• Jacob816 - August 12, 2009 4:56 p.m.

    Not about the C64, but does anyone remember the loading screens on Fur Fighters (the PS2 version at least)? You were moving through a whole bunch of bubbles, and you could control your movement, and all the buttons played audio cues and loops, basically allowing you to DJ it up while loading.
  • majorasincarnation - August 12, 2009 3:46 p.m. the music reCAPTHCA: tswana 427/8 okay... Second reCAPTHCA (my internet crashed): 468 people
  • jakery22 - August 12, 2009 2:59 p.m.

    Why is it that nearly all the videos contain fast moving stuff. Flashing stuff. And techno type music. Or a mixture all of these? reCAPTHCA Opel Sheepshead. :L
  • Beerhaunter - August 12, 2009 2:50 p.m.

    One thing i do wonder is that how are you guys able to write so long articles but yet keep the interesting?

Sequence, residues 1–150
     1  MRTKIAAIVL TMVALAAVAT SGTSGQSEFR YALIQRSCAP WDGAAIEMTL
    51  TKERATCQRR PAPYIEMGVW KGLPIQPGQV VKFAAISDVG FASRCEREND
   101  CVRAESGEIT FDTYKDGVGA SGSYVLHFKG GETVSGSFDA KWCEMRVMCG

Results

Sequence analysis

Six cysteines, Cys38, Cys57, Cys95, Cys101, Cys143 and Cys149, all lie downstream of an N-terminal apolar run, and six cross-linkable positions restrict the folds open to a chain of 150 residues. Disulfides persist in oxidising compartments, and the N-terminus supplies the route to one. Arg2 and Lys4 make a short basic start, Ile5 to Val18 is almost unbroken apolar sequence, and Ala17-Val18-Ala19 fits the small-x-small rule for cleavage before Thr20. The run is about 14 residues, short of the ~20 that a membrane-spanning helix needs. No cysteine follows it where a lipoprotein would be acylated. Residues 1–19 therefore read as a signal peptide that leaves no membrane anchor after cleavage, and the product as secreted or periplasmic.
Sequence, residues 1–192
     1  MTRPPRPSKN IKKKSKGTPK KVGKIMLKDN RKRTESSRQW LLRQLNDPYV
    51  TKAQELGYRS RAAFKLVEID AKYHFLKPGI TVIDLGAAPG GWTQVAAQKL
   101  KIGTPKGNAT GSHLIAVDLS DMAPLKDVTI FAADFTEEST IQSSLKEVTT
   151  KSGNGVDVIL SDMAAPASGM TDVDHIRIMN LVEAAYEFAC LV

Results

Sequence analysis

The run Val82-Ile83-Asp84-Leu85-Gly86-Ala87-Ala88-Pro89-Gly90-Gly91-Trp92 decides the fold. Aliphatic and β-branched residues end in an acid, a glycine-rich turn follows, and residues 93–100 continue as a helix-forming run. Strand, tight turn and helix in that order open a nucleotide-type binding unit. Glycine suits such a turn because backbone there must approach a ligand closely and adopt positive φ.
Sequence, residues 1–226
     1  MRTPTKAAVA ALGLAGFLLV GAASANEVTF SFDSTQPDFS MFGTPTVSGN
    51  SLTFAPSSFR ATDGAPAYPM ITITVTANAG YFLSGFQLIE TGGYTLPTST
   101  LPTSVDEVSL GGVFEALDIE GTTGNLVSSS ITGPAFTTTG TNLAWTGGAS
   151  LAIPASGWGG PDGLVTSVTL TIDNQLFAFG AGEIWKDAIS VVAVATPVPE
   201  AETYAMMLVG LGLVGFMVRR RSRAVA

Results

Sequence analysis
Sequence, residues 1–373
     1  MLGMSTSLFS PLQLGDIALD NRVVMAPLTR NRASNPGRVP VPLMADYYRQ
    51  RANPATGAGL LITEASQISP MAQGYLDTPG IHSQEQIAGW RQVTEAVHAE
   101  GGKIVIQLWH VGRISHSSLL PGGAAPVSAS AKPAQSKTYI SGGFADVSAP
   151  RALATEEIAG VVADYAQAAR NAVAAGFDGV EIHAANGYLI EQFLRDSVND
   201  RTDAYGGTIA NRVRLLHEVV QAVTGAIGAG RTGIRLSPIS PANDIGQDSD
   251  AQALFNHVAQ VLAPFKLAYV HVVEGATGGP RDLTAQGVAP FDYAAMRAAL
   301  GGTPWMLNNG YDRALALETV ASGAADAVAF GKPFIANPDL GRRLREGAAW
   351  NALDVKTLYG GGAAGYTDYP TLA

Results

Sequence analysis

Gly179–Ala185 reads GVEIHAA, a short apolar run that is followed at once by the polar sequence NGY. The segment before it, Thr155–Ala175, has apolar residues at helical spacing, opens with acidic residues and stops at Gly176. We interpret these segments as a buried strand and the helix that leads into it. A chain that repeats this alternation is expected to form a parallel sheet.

• dugfinger - August 12, 2009 2:49 p.m.

    Good article. Takes me back. Oh, and FIRST!
  • wiigamer024 - August 18, 2009 4:39 p.m.

    Holy Sh*t! The sound? The graphics? Is this ALL 8-bit? It's... it's wonderful! *sniff sniff*
  • BrushieTundra - August 14, 2009 5:24 a.m.

    What doesn't the TI-994a ever get any love? Sure you had to load game via cartridge or cassette tape. Yeah the 5 1/4 inch drive was in a metal box the size of a VW. So what. I loved my Basic and Extended Basic cartridges. Tunnels of Doom kicked ass! Why the discrimination?
  • Matt Cundy - August 13, 2009 7:44 p.m.

    @secretsearcher You can download trv's acoustic Sanxion loader from here: